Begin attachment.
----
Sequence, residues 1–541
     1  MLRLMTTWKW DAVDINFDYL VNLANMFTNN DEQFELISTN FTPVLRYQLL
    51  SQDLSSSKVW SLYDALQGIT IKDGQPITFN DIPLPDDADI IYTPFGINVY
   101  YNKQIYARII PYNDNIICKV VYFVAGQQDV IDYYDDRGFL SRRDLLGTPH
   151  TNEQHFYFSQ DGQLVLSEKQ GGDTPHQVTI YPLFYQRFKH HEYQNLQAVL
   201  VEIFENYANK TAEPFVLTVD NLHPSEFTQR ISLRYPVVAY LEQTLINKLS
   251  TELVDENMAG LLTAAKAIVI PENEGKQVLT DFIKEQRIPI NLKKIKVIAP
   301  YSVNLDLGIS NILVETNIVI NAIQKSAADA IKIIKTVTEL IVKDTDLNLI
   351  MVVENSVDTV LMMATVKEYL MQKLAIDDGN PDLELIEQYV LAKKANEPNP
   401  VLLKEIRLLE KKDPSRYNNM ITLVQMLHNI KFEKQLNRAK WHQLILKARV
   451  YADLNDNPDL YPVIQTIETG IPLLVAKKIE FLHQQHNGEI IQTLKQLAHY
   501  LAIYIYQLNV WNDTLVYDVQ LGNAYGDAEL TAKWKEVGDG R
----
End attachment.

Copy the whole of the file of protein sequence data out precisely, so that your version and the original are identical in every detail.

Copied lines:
Sequence, residues 1–541
     1  MLRLMTTWKW DAVDINFDYL VNLANMFTNN DEQFELISTN FTPVLRYQLL
    51  SQDLSSSKVW SLYDALQGIT IKDGQPITFN DIPLPDDADI IYTPFGINVY
   101  YNKQIYARII PYNDNIICKV VYFVAGQQDV IDYYDDRGFL SRRDLLGTPH
   151  TNEQHFYFSQ DGQLVLSEKQ GGDTPHQVTI YPLFYQRFKH HEYQNLQAVL
   201  VEIFENYANK TAEPFVLTVD NLHPSEFTQR ISLRYPVVAY LEQTLINKLS
   251  TELVDENMAG LLTAAKAIVI PENEGKQVLT DFIKEQRIPI NLKKIKVIAP
   301  YSVNLDLGIS NILVETNIVI NAIQKSAADA IKIIKTVTEL IVKDTDLNLI
   351  MVVENSVDTV LMMATVKEYL MQKLAIDDGN PDLELIEQYV LAKKANEPNP
   401  VLLKEIRLLE KKDPSRYNNM ITLVQMLHNI KFEKQLNRAK WHQLILKARV
   451  YADLNDNPDL YPVIQTIETG IPLLVAKKIE FLHQQHNGEI IQTLKQLAHY
   501  LAIYIYQLNV WNDTLVYDVQ LGNAYGDAEL TAKWKEVGDG R